Salmon farming 'pays £100m in British taxes'

By Douglas Fraser
Business and economy editor, Scotland

Image source, PA

The salmon farming industry claims to contribute more than £100m in British taxes, although it is controlled by parent companies in Norway.

The industry's trade body commissioned independent economic research into salmon farming's economic impact, partly to face down criticism of it.

The study found turnover of more than £1bn.

The amount of gross value added - a measure of the output from the sector - was £365m at last year's prices.

The impact of the turnover spent through wages and taxes, and the indirect impact on spending through other sectors in Scotland, is thought to take the total impact to double that of revenue, at more than £2bn.

Richard Marsh, author of the study at 4-consulting, reckoned that the scale of the sector's impact through the economy, including its tax contribution, is higher than most other sectors of the economy.

Much of the spending by the industry takes place in Scotland, and it is a big investor in capital goods. This year, a major new fish feed production plant is to be opened at Kyleakin on Skye.

Image source, Getty Images

The corporation tax contribution for last year is thought to have been £50m, and £24m was paid to HMRC through income tax and national insurance. A further £37m was directly paid, net, on production and products.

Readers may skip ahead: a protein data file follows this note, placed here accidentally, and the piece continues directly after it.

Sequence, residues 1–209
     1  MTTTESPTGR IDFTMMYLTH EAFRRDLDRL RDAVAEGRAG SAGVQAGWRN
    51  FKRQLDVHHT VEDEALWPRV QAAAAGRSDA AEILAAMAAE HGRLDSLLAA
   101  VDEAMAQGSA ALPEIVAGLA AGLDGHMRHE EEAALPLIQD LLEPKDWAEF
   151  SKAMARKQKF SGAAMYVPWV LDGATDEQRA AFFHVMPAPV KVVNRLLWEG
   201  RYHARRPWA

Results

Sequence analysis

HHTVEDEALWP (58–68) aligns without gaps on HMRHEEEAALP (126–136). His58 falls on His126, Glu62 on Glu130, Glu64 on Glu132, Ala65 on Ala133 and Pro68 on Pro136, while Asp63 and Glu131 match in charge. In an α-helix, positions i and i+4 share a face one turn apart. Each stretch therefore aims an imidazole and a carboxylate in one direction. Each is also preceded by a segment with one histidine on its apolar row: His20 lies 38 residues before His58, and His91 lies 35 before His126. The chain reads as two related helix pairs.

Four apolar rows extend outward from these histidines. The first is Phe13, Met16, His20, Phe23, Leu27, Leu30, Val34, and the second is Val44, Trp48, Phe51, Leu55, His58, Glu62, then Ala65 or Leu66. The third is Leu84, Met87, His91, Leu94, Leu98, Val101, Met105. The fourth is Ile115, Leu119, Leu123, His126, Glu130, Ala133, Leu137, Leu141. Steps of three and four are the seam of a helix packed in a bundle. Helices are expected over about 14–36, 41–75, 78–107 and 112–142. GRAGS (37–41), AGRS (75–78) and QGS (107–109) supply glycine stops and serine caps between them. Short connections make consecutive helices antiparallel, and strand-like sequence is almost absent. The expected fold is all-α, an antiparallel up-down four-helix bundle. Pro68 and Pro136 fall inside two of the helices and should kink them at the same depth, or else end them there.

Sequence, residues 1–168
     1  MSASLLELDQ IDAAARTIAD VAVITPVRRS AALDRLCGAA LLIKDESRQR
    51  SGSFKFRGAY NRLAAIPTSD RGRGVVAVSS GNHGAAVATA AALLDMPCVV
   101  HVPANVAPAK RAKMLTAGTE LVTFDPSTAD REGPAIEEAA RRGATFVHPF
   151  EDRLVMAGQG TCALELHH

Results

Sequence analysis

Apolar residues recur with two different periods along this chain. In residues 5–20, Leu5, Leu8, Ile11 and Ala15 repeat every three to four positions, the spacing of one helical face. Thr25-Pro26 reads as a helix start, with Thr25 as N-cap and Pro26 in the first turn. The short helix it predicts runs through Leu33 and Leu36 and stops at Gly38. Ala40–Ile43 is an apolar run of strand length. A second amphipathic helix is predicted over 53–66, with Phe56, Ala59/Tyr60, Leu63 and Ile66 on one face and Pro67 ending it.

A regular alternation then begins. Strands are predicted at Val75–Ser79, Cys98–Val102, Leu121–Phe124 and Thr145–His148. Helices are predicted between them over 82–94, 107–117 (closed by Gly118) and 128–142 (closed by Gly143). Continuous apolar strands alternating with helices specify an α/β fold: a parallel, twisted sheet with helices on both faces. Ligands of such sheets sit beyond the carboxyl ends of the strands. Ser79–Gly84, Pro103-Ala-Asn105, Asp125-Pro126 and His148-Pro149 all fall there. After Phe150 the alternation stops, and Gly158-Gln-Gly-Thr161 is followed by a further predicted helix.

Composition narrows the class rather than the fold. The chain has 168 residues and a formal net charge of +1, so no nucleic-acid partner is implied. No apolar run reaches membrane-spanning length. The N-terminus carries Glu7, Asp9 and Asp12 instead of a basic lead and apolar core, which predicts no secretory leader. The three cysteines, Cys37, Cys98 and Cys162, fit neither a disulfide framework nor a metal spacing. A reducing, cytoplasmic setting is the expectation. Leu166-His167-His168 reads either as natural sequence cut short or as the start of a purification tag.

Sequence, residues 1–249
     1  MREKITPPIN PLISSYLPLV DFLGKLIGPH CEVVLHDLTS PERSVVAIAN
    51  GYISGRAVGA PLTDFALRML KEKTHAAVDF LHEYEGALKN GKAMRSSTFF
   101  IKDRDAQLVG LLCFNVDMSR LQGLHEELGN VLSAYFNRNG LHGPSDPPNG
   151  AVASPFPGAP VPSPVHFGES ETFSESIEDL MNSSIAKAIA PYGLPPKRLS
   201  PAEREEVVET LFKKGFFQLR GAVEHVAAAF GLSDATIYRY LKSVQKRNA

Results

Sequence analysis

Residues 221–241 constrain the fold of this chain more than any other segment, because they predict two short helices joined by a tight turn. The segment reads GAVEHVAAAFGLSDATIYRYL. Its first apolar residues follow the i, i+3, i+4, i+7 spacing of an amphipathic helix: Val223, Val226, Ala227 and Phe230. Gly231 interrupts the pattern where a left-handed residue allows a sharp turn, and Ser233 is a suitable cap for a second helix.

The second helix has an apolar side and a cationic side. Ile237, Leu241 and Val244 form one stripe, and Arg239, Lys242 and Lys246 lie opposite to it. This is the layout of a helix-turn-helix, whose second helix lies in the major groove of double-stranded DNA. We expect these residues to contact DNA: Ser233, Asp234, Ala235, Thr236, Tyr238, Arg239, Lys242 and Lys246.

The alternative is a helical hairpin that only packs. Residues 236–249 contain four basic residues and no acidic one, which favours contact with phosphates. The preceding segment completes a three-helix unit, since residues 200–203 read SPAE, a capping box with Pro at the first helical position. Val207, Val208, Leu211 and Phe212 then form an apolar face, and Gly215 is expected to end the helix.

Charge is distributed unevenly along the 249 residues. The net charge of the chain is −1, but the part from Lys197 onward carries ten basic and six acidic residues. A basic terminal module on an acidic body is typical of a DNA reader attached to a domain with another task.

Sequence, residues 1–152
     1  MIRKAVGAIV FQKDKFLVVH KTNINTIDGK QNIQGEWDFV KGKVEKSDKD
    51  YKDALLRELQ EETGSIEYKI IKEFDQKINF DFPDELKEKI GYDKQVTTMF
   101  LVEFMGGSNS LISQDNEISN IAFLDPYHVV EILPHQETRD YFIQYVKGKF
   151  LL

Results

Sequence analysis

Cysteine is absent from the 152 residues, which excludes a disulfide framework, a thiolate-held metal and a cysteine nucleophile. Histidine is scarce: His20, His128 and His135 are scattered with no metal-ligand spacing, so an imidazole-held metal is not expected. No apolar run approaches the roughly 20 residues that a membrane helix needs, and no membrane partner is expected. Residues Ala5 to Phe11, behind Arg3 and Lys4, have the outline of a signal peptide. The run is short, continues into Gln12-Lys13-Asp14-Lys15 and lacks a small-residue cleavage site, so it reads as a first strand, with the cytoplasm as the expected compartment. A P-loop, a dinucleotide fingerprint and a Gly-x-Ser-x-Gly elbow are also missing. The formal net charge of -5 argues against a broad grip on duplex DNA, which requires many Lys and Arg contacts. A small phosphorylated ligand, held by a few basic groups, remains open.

Richard Marsh calculated that £76m was paid in wages. The average pay for its 2,300 employees in 2018 was £34,000.

A more detailed study published in 2017, and commissioned by Highlands and Islands Enterprise, found a higher level of value added, though it covers a wider range of aquaculture. The Scottish Salmon Producers Association (SSPO) does not see the way of compiling figures as being comparable.

The SSPO's Hamish Macdonell said: "An overall economic impact of more than £2bn represents a major benefit to the Scottish economy in itself but with average salaries of £34,000 for the 2,300 people directly employed, the sector is injecting extremely valuable resources into some of Scotland's most fragile, sparsely populated, rural areas as well."